Established 2002

You can almost hear the violins playing their sad, sad song

There’s been some talk lately about the SJC’s decision to force StubHub to turn over names of those who sold their Patriots season tickets on the website. I hope you guys realize I am not blindly supporting the Patriots here but this whole thing reeks of bullshit so badly, I can smell it through my computer monitor. The Patriots are 100% right in this matter and sure, it may seem monopolistic and unfair but if you sold your season tickets for a ridiculous markup on StubHub, you have no right to complain and I’m going to tell you why.

First and foremost, just like with Driver’s Licenses and plane tickets, you are NOT entitled to season tickets. Season tickets are a privilege that you were fortunate enough to obtain. Go whine to the 50,000+ people who have been on the waiting list for YEARS and see if they care.

If you are selling your tickets at a huge markup, you are making a profit on a product that is not yours.

For shits and giggles, I went on StubHub tonight looking for tickets to next week’s Patriots-Redskins match up. Among the horribly overpriced tickets, I saw lower level tickets with a face value of $125 being sold for $736! That’s more than $600 of pure profit for the ticket holder. Wow! Assuming those came from a season ticket holder, and he/she sold each game’s tickets for a $600 profit, that’s nearly $5,000 per seat. WOW!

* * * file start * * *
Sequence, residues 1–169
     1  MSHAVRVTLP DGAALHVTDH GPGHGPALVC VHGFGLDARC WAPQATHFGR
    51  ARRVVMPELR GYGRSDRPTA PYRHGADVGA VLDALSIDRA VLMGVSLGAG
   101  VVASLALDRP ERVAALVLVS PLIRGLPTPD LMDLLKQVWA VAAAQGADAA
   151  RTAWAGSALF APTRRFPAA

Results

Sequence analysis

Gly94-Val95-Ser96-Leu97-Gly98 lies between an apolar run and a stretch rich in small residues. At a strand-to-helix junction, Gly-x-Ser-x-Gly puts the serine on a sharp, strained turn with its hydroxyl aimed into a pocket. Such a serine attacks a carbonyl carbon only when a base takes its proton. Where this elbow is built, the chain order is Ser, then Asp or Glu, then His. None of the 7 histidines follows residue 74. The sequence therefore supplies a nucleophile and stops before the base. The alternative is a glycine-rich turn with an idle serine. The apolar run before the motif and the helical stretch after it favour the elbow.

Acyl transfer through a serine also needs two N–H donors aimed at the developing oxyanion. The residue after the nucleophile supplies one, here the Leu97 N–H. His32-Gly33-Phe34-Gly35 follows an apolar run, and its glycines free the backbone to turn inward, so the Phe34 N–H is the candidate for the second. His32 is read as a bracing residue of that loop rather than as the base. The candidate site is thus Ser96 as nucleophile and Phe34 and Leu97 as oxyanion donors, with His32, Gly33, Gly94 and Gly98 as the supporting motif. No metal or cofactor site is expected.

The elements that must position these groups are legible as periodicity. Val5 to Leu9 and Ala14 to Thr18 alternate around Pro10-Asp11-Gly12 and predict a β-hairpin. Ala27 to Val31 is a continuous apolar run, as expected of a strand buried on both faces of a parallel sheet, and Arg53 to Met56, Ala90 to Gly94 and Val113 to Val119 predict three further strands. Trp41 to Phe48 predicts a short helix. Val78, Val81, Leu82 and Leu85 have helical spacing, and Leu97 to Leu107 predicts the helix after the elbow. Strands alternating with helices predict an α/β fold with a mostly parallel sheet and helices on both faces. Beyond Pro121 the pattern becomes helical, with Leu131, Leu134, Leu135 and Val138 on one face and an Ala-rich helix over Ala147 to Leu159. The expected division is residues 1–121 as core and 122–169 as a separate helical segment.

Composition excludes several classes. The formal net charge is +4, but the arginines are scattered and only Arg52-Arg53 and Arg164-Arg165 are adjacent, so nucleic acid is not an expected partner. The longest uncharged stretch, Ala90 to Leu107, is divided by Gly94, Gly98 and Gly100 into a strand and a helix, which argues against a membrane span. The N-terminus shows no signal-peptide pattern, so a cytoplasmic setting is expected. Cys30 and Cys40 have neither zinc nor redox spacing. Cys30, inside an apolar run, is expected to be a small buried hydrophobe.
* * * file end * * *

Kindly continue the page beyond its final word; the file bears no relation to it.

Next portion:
“Diane, a season ticket holder who asked not to be identified for fear of being targeted by the Patriots, said she sold some of her seats on StubHub to help defray the cost of purchasing them.” Poor, Diane. Ya know what? My dad had sweet season tickets (50 yard line, lower level, 10 rows back) for 25 years and when he couldn’t afford them anymore, he gave them up. Tough shit.

“Mike, another season ticket holder who attempted to sell tickets on StubHub and requested anonymity, said he didn’t appreciate the Patriots going to court to obtain private information about him.” Let me get this straight – You’re concerned about the Patriots receiving the same exact private information that you already submitted to them when you purchased your season tickets? Are you serious?

Since I’ve never actually had season tickets, I decided to ask my dad his thoughts. A Patriots season ticket holder for 25 years, my dad and his uncle held three seats since the opening of Schaffer Stadium. I figured, if anyone knows what it’s like to be a season ticket holder, it’s my dad.